On top of everything else, you have a sizable percent of the population that refuses to believe that the pandemic is real, or poses any sort of realistic threat. They refuse to wear masks or practice social distancing and are a threat to their community every time they go out into the world. This is a politically-driven phenomenon that is exacerbating a public health crisis.
Again, Seth Abramson writes:
What happens if your child’s teacher gets sick? Do you—does anyone—think a random substitute teacher can be placed before your child’s class for the next three months and do anything like the job your child’s original teacher could do teaching your child remotely?
What happens if one kid in your kid’s class of 20 students gets sick? Do you—does anyone—believe that the class won’t immediately go remote anyway, as every kid (and his or her teacher) must now quarantine 14 days? These classes are ticking clocks—all of them.
How do you socially distance kids on a school bus? Many parents will be unable to drive their kids to school—and there’s no way to keep six feet of social distancing (the minimum CDC guideline) on a bus. And kids can spend 20 to 50 minutes daily on school buses.
Why would we put our precious kids in what the CDC says is the most dangerous environment for COVID-19 transmission—by far—in America? That is, an a) indoor space, b) in which many are congregating, c) for a long time, d) with limited or problematic ventilation.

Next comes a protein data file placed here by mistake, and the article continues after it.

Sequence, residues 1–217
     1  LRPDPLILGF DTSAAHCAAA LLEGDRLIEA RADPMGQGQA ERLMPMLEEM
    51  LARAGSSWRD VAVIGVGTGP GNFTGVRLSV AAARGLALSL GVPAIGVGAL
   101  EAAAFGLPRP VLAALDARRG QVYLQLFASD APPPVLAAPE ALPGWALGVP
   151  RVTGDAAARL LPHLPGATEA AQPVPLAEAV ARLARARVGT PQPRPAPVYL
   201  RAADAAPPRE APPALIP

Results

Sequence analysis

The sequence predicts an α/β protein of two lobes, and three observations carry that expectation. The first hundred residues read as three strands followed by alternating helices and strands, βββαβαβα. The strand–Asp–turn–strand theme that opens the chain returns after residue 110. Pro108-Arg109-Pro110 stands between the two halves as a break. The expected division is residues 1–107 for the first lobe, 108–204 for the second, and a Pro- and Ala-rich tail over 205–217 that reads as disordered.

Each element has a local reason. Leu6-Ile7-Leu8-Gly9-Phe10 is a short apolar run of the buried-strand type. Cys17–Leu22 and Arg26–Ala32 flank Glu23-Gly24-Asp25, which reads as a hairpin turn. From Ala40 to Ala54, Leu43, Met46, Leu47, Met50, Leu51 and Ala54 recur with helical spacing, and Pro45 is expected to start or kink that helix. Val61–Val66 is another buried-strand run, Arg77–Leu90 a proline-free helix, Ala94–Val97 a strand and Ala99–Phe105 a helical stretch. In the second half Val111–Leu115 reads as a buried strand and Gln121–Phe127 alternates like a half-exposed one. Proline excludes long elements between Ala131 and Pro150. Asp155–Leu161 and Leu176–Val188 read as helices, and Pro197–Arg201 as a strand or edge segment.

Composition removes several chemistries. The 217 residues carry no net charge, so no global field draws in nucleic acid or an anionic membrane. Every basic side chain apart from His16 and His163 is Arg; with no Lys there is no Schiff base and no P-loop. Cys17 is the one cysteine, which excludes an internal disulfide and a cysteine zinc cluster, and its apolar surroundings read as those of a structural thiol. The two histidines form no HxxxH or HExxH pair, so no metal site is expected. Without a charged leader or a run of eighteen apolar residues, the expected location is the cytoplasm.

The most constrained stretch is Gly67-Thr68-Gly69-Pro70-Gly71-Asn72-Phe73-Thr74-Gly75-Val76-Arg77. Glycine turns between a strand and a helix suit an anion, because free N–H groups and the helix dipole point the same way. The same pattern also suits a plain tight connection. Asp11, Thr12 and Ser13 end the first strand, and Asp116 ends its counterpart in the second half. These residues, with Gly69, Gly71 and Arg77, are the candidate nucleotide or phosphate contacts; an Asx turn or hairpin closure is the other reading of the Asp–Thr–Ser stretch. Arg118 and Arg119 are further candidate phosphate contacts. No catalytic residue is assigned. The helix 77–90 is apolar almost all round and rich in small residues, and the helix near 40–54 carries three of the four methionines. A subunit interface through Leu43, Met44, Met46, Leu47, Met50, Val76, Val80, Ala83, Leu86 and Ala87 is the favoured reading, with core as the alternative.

The responses to these queries offered by COVID-19 deniers are preposterous. For instance some will say, “Kids get sick and miss school—it happens.” No—just no. COVID-19 is 5 to 10 times deadlier than the flu, is 2 to 3 times more contagious, and lasts for weeks longer.
No one has all the solutions to a problem that no one has even had to tackle before. We are quite literally in unprecedented times. But if you’re going to make a risk assessment, the benefit has to outweigh the risk or you simply don’t proceed. That’s basic logic.
This is not a military campaign we’re talking about. The actors did not sign up for mortal combat. This is a public health crisis, not a political battleground, and we must act with the best interest of the people involved in mind. We don’t need to hear from the 70-year-old business owner about what his thoughts are on the safety of school-age children and the people who teach them.